RV: As we continue to expand our brand offerings and collaborations, we are always mindful of keeping our workwear heritage integrated into every detail. Wolverine supports those who forge their own path and are building our future and we will never lose that part of our purpose. Keeping a portion of our products made in the USA is the backbone of what 1000 Mile stands for and will continue to be an authentic part of our brand. Collaborations like this with Detroit Denim and Stormy Kromer allow us to reach a new consumer and further expand our audience. It allows us to showcase other brands that we love while still providing the consumer with a fantastic, eye-catching product.
TM: Define Detroit fashion. What drives it? What sets it apart from fashion coming out of other parts of the country?
RV: Detroit is authentically itself. It is a timeless city, and while it has been through its own share of ups and downs, it is incredibly resilient. Detroit natives are effortlessly true to who they are. Their fashion and style is not necessarily swayed by trends; rather, it’s a classic style inspired by the genuineness of the city. There are a lot of innovative, entrepreneurial people and designers in Detroit and that is reflected in their fashion. We wanted to make sure we captured the essence of this with Detroit Denim, as it’s very much a part of Michigan heritage.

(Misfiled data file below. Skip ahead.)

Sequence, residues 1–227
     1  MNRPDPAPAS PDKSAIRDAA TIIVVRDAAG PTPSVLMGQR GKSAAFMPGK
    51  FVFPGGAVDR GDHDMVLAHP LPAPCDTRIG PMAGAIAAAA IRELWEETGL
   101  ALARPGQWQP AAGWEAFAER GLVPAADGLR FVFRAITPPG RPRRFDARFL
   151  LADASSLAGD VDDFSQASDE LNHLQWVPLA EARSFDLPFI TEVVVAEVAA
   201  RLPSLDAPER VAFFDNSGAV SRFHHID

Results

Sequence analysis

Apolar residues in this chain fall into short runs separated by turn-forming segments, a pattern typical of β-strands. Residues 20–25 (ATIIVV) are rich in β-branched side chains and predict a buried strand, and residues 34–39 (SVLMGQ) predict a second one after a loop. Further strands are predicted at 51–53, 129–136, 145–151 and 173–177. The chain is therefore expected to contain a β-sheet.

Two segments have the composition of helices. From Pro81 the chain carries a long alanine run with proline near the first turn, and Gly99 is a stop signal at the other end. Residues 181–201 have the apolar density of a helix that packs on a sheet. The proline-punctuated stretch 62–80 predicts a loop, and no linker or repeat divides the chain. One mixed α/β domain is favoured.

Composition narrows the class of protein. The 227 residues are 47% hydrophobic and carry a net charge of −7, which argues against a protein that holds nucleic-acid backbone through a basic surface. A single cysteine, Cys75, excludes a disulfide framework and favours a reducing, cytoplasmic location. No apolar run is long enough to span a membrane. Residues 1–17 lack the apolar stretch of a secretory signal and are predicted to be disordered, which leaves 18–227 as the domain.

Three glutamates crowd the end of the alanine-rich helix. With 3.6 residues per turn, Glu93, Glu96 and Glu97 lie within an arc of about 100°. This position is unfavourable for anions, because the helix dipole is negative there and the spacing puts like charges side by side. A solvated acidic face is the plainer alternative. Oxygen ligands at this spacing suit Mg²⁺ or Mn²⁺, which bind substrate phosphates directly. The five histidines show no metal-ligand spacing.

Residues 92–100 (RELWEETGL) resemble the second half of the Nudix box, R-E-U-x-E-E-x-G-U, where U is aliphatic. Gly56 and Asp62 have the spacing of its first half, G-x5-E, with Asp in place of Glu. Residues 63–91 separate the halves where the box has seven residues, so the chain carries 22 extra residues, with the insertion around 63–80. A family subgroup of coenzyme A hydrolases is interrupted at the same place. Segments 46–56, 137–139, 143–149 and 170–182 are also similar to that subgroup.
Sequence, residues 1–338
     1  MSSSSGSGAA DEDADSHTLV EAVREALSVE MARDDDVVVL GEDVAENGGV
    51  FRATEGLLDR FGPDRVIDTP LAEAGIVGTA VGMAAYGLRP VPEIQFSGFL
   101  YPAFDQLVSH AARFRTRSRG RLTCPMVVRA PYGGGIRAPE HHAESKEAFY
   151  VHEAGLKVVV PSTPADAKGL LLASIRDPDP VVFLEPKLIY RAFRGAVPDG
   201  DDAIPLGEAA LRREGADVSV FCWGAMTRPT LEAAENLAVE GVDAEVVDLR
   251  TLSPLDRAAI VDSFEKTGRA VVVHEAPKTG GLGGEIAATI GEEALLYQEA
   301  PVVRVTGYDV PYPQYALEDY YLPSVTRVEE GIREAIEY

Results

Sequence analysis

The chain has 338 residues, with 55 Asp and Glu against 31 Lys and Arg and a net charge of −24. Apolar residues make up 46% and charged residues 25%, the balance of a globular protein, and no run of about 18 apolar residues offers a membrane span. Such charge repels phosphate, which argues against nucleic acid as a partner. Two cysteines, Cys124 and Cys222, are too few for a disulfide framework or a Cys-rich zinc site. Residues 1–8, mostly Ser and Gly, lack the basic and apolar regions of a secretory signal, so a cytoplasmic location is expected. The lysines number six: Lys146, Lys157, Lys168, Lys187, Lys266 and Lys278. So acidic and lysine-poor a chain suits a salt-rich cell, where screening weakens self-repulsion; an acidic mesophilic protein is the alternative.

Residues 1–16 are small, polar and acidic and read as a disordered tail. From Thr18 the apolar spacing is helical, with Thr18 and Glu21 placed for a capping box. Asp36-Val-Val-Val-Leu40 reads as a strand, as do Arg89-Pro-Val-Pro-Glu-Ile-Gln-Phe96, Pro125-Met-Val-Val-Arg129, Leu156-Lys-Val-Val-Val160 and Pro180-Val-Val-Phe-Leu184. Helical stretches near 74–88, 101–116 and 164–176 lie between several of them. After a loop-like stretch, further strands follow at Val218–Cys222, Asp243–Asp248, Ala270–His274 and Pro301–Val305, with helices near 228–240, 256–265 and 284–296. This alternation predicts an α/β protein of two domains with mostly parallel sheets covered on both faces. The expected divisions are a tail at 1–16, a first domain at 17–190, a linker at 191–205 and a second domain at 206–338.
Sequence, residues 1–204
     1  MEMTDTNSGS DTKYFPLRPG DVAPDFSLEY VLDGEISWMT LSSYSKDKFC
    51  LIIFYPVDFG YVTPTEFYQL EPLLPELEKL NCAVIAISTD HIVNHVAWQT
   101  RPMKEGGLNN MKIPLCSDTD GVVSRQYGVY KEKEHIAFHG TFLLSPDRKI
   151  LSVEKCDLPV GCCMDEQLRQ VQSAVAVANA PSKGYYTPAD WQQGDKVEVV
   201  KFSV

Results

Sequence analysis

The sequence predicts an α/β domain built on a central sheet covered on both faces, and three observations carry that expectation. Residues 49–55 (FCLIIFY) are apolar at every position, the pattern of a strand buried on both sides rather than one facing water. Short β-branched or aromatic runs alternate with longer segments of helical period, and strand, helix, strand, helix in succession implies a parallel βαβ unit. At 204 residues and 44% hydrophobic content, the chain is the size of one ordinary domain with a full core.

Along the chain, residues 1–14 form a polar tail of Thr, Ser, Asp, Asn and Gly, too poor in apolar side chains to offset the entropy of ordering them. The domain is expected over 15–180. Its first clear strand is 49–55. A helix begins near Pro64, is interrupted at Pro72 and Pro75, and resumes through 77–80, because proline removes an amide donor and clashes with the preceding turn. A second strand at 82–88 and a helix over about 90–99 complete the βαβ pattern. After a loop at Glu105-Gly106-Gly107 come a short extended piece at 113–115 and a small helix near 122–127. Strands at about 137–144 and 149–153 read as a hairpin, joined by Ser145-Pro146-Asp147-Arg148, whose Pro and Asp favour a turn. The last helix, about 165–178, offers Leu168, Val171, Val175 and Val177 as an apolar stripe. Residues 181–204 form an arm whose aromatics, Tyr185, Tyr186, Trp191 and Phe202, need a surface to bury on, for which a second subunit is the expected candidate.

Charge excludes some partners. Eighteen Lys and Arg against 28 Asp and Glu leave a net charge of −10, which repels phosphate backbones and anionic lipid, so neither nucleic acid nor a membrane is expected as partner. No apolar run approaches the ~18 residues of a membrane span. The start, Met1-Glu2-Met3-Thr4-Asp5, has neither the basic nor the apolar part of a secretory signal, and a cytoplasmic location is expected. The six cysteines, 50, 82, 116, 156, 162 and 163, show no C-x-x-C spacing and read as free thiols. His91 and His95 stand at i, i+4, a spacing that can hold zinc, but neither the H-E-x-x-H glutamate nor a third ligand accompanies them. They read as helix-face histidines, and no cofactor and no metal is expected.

TM: Detroit has been through a lot in the past several decades. How can Detroit’s fashion industry be a part of revitalizing the city?
RV: The people of Detroit are proud to be from there, and there is a sense of camaraderie between the entrepreneurs in the city. As we see companies like Detroit Denim continue to rise up, it will continue to bring in more startups, but also fashion startups. Detroit is an epicenter for local, luxury products (i.e. Shinola) and they’re able to build on the rich heritage and pride of the city. The foundation that they have built through their many industries is something that they are proud to expand and build on. There are excitement and buzz due to the growth and expansion of the city. People are investing in Detroit in a variety of industries, including fashion, which has been amazing to witness and organically become involved in.
We can say from experience that Wolverine 1000 Mile boots live up to their name. No matter how rough you are on your feet, these boots retain their rugged integrity while getting softer and more supple with age.features a bright orange Horween Essex leather upper, a natural tongue and backstay to bring out the signature accent stitching found in Detroit Denim, making these the perfect boots to wear with a pair of high-quality handmade jeans. features classic and versatile rust Horween Chromexcel leather with iconic Stormy Kromer cotton flannel plaid on the tongue and lining of the boot, ideal for wintry weather.
Personally, I couldn’t be happier to see this iconic Michigan brands getting the attention they deserve. But then again, these boots are limited edition. You know what, forget everything I said. Michigan is lame. Nothing to see here—move along.